Choose Your Own Afterlife

In pretty much all my non-fiction work, I like to touch on the subject of the afterlife. Not in a morbid way. More of a ‘let’s think outside the box’ way.

It’s a topic I prefer to engage with questions rather than statements. After all, no one really knows what happens after death. Some people will tell you they do, but they don’t. Not even a little. Heaven, hell, reincarnation, utter destruction…all perhaps possible, but none even a little bit objectively provable. The realm of the afterlife is just another part of the human experience in which beliefs, no matter how closely held to the heart, can’t hold up the truth. And the truth is: we don’t know a damn thing about it.

About to be independance dayed

“Shit. I’m either about to be sucked up into heaven…or the aliens from Independence Day have just targeted my ass.”

Especially in this little book right here, I love to ask people to talk about their belief systems. ‘Is there an afterlife?’ I ask. ‘If so, what’s it probably like?’ ‘If there isn’t, is everything we do pointless?‘ The conversation usually goes one of two ways. People either cite religion, which I confess gets pretty boring, or they admit they don’t know, and that’s when things get interesting. In asking these questions and getting people’s answers, one can learn a ton about what makes humanity tick. Because the afterlife discussion is all hopes and fears. It’s unknowable. It’s raw. ‘What if it’s awesome?’ we wonder. ‘What if it doesn’t exist?‘ we worry. ‘Or what if it’s absolutely horrific?‘ we tremble.

But after all the ‘I know’ or ‘I don’t knows,’ I like to take the conversation somewhere fun. I mean…since no one has a clue about the afterlife, why not enjoy the discussion?

And so the question becomes:

If the afterlife were whatever you want it to be, what would it be?”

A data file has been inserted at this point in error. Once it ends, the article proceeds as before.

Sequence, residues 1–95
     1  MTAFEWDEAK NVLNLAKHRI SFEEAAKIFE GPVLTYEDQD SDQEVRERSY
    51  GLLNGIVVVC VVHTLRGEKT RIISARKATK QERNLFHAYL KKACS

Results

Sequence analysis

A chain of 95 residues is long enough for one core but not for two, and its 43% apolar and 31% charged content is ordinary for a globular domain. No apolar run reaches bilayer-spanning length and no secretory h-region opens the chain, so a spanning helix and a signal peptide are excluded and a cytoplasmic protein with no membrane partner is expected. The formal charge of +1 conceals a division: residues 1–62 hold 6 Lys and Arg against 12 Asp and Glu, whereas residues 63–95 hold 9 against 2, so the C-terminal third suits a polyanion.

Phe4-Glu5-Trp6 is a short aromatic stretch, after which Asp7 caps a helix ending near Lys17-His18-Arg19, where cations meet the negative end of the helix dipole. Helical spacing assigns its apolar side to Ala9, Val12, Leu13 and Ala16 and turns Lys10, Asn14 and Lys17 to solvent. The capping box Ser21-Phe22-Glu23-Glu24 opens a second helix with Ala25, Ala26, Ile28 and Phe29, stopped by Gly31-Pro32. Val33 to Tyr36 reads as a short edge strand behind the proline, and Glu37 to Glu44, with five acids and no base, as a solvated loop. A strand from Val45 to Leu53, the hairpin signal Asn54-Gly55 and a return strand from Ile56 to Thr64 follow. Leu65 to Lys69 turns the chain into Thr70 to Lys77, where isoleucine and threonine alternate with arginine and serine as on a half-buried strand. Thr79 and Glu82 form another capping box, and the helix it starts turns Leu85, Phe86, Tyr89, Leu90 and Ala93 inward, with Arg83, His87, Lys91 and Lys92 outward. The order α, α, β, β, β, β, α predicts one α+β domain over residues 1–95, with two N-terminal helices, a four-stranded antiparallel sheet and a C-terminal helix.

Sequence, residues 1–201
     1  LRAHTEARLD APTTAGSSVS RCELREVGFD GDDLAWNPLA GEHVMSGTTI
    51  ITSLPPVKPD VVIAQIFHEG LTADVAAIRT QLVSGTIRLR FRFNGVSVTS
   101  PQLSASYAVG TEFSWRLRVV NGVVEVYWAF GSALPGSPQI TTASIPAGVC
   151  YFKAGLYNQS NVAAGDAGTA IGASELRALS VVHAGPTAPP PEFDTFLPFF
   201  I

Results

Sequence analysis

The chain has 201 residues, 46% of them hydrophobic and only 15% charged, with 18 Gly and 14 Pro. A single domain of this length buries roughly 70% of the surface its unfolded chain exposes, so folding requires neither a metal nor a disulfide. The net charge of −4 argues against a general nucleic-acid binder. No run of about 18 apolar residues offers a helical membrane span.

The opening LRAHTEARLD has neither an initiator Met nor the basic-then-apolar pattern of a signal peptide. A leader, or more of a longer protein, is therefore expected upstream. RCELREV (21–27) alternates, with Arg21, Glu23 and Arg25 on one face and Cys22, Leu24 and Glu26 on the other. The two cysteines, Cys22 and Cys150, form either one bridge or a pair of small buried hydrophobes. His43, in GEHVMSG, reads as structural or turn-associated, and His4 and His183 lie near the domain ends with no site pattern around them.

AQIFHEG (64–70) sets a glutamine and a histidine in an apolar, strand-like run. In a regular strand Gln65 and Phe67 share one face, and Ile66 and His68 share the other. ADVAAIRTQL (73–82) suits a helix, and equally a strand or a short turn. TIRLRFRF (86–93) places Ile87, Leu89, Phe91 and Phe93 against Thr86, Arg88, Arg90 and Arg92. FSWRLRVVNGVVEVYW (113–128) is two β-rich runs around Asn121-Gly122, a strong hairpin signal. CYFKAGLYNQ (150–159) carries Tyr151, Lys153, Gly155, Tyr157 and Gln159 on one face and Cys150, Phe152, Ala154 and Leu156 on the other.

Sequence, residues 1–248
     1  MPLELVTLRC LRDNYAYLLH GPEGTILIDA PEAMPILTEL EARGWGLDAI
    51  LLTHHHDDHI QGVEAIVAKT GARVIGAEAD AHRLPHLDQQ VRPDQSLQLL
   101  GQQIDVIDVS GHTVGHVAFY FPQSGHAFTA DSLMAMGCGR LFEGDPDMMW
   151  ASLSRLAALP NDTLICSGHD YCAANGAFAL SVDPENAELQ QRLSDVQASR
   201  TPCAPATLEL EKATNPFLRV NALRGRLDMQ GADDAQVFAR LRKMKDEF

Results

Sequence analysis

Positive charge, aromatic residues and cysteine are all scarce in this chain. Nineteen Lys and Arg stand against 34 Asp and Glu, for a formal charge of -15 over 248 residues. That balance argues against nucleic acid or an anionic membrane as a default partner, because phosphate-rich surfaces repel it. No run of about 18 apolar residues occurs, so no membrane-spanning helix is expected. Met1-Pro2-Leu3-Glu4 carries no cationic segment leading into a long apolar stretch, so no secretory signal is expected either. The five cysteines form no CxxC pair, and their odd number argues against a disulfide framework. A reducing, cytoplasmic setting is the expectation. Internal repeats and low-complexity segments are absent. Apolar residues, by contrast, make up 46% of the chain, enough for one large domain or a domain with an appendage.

Now, perhaps through some crazy quantum mechanics, it’s possible in the afterlife (if there is one) we actually do get to decide what it’s like. Probably not, but you never know. I guess what I’m saying is…let’s run with that. Let’s embrace ‘I don’t know.’ Let’s forget about our preconceived notions. Let’s talk less about what we believe the afterlife is like, and let’s talk about what we want it to be like.

And I’m serious.

I want to know your answers.

Here’s the exercise:

You’re sitting before a blank sheet of paper. You’ve got a pen, and you’ve got all the time in the world. Your belief system, your religion (or lack thereof,) and your scientific knowledge have all fallen out the window.

What do you want to happen after you die?

Nothing? Just wanna nap forever?

Do you want to be alone? Or can other people join your afterlife beach party?

Want a heaven? Sitting on a cloud, eating chocolate, soaking up starlight for all eternity?

A more specific heaven? As in, you’re some kind of spirit worshipping a deity in the ether? Cool. Tell us about this deity. How do you battle the boredom?

If you want heaven, do you punish ‘bad’ people with some kind of hell? If so, what’s the hell like? Who exactly goes there? Go ahead. Set the rules.

No heaven or hell? Ok. You’d prefer to join the world-building spirit army who runs the universe behind the curtain? You want to be part of the machine beneath it all? Cool. What’s your plan for the next 500,000,000 years or so?

Or maybe reincarnation? You want another shot or ten at earthbound life? As an animal? A human again? Does this process repeat itself indefinitely?

Or maybe you’d like to be a ghost? A spirit wandering the ethereal plane, watching over humanity, helping people out when you can?

Or maybe you have a darker vision. You want to F with things. You wouldn’t mind being a naughty ghost, a boogey man under the bed, or even some kind of demon.


Happy cloud paradise? Or inbound ethereal storm from the nether world?


You see where I’m going?

French scholar and philosopher Jean-Paul Sartre once posited that since we don’t really know much about the why and how of our reality, we’re free to create our own. It’s a bit idealistic, but perhaps he’s got a point. Just make stuff up and roll with it. Since we might never know the truth, it might be fine just to imagine everything.

Sounds fun, right?

Try it, and share your answers with the world.

J Edward Neill

Asker of too many questions

Author of Matrix-like sci-fi

The War against Clickbait



“When you see what happens next, your jaw will drop!”

“You won’t believe what she’s wearing! Or what happens next!”

“Refi your mortgage and get a FREE Miley Cyrus blowup sex doll!”